Oregon's beaches need your help
By Don Harker, Pacific Northwest College of Art
Don Harker is a consultant and assistant professor in the MFA Collaborative Design program at Pacific Northwest College of Art.
The tragic 2011 Tohoku earthquake and subsequent tsunami that devastated Japan had and continues to have a wide impact.
The west coast of North America from California to Alaska has begun receiving an estimated 1.5 million pounds of tsunami debris, which will wash ashore for the next five years. This is added to the 100 million tons swirling in the North Pacific Gyre and casting off waste to many highly vulnerable Northwest coastal communities.
The debris poses a series of business-related problems including:
- Financial — The cost of beach cleanups and the impact on the local tourist economy.
- Policy — Regulatory oversight for plastic handling, tsunami preparedness and land use.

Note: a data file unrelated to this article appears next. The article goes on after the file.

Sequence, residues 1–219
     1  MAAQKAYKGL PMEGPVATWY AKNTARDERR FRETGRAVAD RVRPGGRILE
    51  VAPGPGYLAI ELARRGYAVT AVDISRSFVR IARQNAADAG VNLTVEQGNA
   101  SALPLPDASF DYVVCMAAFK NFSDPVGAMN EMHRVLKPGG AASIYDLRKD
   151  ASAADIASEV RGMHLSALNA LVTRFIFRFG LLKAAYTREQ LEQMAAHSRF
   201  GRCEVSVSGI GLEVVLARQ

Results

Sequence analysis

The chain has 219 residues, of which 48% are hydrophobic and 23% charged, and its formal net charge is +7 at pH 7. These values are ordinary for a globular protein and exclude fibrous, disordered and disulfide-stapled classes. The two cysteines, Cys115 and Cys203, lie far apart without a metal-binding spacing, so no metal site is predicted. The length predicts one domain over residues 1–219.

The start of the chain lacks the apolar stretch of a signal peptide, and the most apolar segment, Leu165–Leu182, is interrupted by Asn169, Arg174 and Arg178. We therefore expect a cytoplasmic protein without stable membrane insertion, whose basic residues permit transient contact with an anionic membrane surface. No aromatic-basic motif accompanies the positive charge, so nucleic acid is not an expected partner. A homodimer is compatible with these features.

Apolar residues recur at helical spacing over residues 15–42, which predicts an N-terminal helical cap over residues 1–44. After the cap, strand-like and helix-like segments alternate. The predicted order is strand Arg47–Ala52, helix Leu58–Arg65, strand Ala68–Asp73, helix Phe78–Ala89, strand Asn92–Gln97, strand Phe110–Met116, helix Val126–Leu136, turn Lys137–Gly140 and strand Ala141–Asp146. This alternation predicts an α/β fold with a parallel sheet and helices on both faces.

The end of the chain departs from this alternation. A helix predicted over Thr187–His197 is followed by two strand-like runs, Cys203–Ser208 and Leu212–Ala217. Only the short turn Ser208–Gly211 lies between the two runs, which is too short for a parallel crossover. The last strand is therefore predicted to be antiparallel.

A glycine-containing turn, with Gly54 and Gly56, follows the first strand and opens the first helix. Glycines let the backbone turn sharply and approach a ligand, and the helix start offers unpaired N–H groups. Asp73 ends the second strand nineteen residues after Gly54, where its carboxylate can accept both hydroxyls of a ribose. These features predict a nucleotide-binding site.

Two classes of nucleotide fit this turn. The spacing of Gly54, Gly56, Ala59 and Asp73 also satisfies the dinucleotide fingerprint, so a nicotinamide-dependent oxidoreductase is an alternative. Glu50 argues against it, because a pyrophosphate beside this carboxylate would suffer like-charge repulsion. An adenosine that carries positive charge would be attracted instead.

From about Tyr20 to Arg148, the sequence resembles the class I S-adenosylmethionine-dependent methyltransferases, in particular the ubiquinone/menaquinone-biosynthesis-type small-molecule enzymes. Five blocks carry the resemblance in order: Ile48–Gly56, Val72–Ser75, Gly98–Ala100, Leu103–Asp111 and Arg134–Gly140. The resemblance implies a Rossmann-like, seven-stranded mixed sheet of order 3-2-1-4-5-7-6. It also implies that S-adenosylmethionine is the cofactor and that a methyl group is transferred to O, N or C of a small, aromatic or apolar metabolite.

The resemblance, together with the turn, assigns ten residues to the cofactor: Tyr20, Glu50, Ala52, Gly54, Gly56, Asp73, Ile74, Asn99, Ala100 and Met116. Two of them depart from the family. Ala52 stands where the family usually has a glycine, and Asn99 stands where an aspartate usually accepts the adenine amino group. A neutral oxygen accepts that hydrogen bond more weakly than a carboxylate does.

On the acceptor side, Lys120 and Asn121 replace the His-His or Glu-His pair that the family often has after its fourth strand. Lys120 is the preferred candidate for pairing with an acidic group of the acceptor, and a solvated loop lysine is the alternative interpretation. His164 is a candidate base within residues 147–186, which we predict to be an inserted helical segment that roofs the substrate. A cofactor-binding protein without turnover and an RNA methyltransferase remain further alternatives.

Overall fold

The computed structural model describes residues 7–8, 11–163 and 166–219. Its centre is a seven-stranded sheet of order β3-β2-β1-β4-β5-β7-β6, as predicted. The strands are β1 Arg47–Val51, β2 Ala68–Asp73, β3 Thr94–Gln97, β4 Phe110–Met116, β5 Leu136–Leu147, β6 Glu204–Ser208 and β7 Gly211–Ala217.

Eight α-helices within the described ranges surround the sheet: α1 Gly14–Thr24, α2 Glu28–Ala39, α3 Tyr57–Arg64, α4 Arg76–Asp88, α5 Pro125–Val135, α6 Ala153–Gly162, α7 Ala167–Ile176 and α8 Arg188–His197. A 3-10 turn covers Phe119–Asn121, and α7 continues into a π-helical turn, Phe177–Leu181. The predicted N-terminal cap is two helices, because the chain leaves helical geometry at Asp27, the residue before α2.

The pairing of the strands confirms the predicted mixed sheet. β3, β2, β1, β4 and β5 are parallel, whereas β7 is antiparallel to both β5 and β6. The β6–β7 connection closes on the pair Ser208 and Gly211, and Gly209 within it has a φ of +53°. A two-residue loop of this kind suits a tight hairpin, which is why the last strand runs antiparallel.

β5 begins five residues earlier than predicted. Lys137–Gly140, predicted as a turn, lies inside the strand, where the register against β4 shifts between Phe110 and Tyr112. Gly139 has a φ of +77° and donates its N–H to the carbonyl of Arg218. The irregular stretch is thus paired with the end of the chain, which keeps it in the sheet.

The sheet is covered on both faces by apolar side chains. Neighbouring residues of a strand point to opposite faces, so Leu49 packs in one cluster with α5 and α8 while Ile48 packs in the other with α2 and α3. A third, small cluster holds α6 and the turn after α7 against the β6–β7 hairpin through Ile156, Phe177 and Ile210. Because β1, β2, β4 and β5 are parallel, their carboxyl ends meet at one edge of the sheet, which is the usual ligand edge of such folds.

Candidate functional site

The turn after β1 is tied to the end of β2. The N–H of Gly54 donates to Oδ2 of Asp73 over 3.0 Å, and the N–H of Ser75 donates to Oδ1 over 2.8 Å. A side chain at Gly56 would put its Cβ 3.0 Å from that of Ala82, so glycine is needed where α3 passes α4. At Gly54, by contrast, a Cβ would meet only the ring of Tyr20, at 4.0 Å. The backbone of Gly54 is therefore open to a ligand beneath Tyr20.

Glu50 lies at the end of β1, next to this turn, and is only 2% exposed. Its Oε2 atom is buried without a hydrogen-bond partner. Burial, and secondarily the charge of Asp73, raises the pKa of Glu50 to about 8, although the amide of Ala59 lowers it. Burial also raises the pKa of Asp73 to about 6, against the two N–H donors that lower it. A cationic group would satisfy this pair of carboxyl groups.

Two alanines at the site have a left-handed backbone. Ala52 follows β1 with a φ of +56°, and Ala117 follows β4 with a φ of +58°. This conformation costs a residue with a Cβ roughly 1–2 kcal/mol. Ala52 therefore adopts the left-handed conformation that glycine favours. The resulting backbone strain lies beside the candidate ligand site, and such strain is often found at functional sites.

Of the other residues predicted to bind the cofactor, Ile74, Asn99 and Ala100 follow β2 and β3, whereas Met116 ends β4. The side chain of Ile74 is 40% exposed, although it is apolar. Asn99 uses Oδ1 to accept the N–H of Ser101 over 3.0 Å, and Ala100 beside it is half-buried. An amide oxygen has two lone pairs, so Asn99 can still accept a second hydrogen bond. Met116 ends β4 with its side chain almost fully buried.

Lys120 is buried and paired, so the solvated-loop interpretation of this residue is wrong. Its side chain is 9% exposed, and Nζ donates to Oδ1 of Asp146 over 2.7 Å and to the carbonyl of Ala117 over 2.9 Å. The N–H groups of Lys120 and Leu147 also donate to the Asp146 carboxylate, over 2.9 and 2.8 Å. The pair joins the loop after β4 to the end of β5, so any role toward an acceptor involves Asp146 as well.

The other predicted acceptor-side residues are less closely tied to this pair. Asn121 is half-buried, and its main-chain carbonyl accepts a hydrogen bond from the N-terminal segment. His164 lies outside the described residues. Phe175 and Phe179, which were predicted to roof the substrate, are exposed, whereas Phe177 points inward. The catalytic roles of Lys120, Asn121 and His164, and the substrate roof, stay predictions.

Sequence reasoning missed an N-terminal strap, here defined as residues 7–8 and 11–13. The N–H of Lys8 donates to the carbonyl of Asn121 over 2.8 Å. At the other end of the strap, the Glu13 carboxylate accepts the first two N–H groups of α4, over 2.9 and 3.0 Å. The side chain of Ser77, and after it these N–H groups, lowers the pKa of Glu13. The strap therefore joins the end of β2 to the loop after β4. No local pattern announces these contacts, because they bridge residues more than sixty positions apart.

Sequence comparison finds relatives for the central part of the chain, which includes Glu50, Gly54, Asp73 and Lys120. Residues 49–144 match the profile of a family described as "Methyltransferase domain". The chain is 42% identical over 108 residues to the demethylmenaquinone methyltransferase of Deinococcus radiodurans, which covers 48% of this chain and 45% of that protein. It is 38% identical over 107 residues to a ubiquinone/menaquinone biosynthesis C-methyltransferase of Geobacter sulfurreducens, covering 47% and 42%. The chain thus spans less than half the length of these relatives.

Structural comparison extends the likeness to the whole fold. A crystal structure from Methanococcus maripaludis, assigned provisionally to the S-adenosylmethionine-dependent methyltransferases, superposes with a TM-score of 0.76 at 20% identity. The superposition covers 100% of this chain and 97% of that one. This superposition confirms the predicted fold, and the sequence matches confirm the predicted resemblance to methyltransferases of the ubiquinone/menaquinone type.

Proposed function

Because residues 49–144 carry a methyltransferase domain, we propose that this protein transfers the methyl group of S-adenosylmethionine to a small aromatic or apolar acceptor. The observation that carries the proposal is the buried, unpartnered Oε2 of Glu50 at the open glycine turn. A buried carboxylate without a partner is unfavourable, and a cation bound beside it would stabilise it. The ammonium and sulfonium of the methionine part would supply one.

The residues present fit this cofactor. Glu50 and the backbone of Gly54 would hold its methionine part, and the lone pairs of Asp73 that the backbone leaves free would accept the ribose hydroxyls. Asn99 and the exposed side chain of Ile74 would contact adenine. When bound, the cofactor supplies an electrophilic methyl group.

- Ecological issues — Including impacts on wildlife and the potential for invasive species.
SOLVE and the Collaborative Design program of the Pacific Northwest College of Art have teamed up to create the Clean Beaches Design Challenge related to cleaning tsunami and other debris from Oregon beaches. The Clean Beaches Design Challenge is a competition for college student teams and collaborators interested in tackling a complex problem with scientific, political and social dimensions.
The competition is designed to promote the practical, integrative and exciting aspects of science, technology, engineering, art, policy, education, organization, politics, psychology and community when applied to a real world environmental problem. Research, creativity, innovation, collaboration and systems thinking are integral ingredients and key to the successful design for complex problem interventions.
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